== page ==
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I've never understood that fear most have of dying alone. It's probably in the top 5 reasons for wanting a long term romantic partner. Presumably you want your partner to watch you die.

Frankly I don't want my loved ones watching me gasp on my last breath. When I'm dying, I'd like a little privacy. I doubt my loved ones would enjoy watching anymore than I want them to watch.
 

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I think - the way I interpret it, is not literal, but rather figurative. Never having had that deep connection to another person and never having experienced it
 

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Agreed. I prefer to be alone most of the time. I feel alone, dream alone, love alone, so why not die alone? If I had it my way, I'd paddle out to sea in a small boat with a lethal dose of morphine to die at sea -alone.
 

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They may be afraid of being alone with themselves and realizing something they don't like. I don't care how I die, my only condition is that it must be fast and as painless as possible, I'm not afraid of death, but that doesn't means I also accept slow decay, when the time comes if Fate's choice is a slow death I will help it come faster.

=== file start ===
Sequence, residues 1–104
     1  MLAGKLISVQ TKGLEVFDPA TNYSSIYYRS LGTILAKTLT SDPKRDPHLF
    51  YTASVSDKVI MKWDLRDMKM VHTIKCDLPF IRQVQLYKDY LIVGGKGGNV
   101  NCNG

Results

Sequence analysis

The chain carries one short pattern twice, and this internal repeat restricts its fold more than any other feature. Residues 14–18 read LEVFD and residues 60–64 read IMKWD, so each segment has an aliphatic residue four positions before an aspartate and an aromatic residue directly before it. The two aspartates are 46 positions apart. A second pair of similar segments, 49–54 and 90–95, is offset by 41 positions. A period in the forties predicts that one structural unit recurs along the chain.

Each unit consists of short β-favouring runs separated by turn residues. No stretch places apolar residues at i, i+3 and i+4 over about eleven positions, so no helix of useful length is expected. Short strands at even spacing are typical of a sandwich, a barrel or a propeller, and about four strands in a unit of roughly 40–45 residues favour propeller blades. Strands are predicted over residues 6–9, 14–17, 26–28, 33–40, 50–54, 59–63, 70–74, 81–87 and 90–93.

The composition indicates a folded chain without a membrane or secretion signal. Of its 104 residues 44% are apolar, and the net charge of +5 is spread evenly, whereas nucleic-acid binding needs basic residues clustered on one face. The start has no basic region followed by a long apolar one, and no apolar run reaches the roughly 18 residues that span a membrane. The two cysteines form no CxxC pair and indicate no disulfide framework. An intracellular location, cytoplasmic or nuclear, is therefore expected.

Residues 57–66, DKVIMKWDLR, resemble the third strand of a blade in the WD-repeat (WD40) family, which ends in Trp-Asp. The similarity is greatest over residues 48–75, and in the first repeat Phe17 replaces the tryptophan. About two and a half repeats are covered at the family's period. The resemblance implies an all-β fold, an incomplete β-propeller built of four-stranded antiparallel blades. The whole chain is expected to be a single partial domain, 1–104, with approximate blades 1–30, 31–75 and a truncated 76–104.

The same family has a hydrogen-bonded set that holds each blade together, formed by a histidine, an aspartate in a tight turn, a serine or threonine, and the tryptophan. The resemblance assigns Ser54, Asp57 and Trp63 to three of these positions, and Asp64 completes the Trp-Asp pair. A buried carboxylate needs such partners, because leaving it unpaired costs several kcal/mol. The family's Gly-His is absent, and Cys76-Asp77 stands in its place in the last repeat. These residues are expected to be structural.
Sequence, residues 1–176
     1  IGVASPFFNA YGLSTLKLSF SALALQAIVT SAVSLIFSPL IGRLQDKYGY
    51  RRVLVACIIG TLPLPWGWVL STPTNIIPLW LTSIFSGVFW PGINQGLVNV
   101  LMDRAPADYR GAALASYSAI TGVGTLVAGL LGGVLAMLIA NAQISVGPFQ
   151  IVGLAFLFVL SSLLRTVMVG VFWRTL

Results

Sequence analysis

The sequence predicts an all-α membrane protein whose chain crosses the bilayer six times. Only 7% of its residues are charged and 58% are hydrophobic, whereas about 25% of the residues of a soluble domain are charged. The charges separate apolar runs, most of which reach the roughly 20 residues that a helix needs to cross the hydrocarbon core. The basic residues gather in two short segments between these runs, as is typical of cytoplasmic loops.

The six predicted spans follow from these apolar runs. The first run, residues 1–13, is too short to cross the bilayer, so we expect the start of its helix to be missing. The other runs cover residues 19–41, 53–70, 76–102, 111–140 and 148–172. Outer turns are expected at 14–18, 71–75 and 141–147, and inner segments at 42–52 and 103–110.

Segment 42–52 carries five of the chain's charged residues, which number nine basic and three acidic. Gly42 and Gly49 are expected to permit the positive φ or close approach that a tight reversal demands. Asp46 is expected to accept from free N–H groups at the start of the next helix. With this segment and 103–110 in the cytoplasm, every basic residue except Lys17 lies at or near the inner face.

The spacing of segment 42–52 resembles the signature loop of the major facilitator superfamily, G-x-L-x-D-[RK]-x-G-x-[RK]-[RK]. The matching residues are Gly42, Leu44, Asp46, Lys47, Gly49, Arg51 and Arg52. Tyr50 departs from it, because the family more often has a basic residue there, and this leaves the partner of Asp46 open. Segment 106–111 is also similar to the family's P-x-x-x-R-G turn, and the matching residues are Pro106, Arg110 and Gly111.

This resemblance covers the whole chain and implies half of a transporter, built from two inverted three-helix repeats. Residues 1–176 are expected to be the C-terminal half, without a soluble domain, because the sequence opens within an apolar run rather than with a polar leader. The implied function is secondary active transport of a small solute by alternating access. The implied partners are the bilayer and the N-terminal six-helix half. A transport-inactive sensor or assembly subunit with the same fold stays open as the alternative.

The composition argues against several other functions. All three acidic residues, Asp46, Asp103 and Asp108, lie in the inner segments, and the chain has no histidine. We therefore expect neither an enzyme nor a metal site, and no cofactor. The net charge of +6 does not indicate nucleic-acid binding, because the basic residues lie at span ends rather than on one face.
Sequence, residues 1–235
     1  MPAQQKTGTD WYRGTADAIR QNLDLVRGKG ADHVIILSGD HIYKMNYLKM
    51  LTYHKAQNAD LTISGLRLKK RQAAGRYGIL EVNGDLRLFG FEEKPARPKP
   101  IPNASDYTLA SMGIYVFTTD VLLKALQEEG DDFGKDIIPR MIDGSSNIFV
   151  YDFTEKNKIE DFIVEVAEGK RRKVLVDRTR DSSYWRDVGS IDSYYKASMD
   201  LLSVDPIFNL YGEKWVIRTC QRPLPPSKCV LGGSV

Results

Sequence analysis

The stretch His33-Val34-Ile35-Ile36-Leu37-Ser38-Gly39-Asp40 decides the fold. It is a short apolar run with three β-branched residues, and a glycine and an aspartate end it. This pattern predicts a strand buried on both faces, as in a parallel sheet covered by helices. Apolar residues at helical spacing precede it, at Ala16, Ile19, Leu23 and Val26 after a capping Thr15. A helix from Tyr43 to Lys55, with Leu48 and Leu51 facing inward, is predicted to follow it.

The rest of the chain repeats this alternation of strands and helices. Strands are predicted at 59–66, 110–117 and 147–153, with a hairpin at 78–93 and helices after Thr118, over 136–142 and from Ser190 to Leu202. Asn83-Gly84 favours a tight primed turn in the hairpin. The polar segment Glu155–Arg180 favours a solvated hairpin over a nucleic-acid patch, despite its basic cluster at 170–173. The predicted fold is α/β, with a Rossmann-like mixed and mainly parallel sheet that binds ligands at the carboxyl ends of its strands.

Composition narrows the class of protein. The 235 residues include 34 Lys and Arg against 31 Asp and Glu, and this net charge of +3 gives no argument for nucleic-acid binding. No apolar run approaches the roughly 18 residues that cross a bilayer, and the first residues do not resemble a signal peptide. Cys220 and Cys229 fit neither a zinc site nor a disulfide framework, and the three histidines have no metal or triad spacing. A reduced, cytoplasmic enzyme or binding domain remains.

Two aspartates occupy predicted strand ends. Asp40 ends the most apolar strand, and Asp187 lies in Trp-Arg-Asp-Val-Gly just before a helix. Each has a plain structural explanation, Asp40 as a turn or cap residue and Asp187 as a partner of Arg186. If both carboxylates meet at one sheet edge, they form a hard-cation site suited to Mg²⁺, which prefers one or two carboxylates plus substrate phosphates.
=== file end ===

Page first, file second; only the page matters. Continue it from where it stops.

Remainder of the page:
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The process of dying is one anyone would likely experience first hand only once in their life. No one who has died can tell you what dying was like afterwards.
Thing is that in general humans rely upon sharing experiences to rationalize and gauge the effect a single experience will have on them, personally, all that in order to cope with their fear about the very same experience. Fear of the unknown as they say.
As such I feel the concept of dying is basically the epitome of scariness (sp?) and no matter what anyone in the anonymity of the internet will tell you about their preferred way to go when their time comes... I am betting you dollars to donuts they WILL ACTUALLY not be brave nor bold nor will they want to be alone in that moment.

Meh. Strikes too close to home. Mum died only 2 years ago from cancer and it was a slow and painful decay but I was there beside her to her final breath.
I like to think that we BOTH were happy about having it had that way...
 
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I've never understood that fear most have of dying alone. It's probably in the top 5 reasons for wanting a long term romantic partner. Presumably you want your partner to watch you die.